US5418947A (en) * 1992-12-23 1995-05-23 At&T Corp. Locating information in an unsorted database utilizing a B-tree
EP0661651A1 (en) * 1993-12-29 1995-07-05 Microsoft Corporation Unification of directory service with file system services
EP0663641A1 (en) * 1994-01-14 1995-07-19 Microsoft Corporation Summary catalogs

Cited By (4)

* Cited by examiner, † Cited by third party
Publication number Priority date Publication date Assignee Title
GB2351368A (en) * 1999-06-21 2000-12-27 Zygon Systems Ltd Product catalogue production system
WO2000079409A2 (en) * 1999-06-21 2000-12-28 Zygon Systems Ltd. Product catalogue production system
WO2000079409A3 (en) * 1999-06-21 2002-05-02 Zygon Systems Ltd Product catalogue production system
EP1239383A1 (en) * 2001-03-09 2002-09-11 Zygon Systems Ltd. Electronic information storage and retrieval system

Also Published As

Publication number Publication date Type
GB2315576B (en) 2001-04-18 grant
GB9615193D0 (en) 1996-09-04 grant

Similar Documents

Publication Publication Date Title
US5218632A (en) Flexible call detail recording system
US5659605A (en) Method and apparatus for providing soft dial tone using office equipment designators
US5533115A (en) Network-based telephone system providing coordinated voice and data delivery
US5991377A (en) System and method for manipulating data fields in a call structure for synchronizing billing information and retaining original calling party information
US5418947A (en) Locating information in an unsorted database utilizing a B-tree
US5163087A (en) Delivery of customer data base key using automatic number identification
US6813346B2 (en) System and method for selecting a destination number upon receiving a dialed number from a calling party
US5703930A (en) Personal mobile communication system with call bridging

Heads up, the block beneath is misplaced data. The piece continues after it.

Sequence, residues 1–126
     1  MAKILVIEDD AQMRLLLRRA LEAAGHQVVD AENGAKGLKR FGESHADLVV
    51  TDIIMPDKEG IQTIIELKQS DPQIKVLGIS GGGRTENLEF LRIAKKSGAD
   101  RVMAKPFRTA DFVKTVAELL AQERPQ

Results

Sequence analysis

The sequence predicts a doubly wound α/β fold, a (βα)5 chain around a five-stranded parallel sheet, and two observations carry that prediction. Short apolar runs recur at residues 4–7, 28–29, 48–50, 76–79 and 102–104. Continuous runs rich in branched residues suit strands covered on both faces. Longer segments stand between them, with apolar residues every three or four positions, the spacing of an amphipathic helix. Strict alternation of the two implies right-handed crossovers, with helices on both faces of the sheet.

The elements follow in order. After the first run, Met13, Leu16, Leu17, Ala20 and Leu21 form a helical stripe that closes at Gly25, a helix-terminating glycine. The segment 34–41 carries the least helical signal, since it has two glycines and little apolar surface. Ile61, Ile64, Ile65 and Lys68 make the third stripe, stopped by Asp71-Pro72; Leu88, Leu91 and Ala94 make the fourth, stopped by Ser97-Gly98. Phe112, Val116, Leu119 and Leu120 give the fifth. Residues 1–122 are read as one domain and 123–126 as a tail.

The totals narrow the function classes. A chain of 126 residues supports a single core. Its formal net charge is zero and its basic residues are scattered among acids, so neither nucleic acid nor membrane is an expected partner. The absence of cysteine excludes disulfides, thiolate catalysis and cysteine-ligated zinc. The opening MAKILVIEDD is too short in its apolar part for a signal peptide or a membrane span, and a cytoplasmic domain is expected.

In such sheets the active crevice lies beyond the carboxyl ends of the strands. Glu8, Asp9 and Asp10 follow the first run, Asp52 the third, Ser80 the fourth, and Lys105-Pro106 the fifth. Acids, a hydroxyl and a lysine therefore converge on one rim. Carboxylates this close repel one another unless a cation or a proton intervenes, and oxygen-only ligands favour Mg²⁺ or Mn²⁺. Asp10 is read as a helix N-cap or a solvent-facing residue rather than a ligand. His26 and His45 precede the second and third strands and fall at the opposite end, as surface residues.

US5838774A (en) Telephone polling method
US5469504A (en) Automatic call distribution with intersubnetwork customer information transfer system and method
US6636877B1 (en) Method for analyzing the quality of telecommunications switch command tables
US5377186A (en) System for providing enhanced subscriber services using ISUP call-setup protocol
US6356756B1 (en) Method and system for routing calls to a wireless telecommunications services platform
US5854836A (en) Method and system for utilizing an information delivery service in a local number portability environment
US6925155B2 (en) Method and system for routing calls based on a language preference
US5551025A (en) Relational database system for storing different types of data
EP0424015B1 (en) Multilocation queuing for telephone calls
US5920619A (en) Regional centrex
US5859901A (en) Intelligent call connection service
US5881144A (en) Graphical intelligent network (IN) subscription manager
EP0726682A2 (en) Intelligent network internetworking access arrangement
US6178232B1 (en) Method and system for providing enhanced caller identification
US6208642B1 (en) Architecture independent application invocation over a telephony network
US6055302A (en) System and method for incoming and outgoing interrogations for store-and-forward services
US5212789A (en) Method and apparatus for updating application databases used in a distributed transaction processing environment

Legal Events

Date Code Title Description
PE20 Patent expired after termination of 20 years

Expiry date: 20160718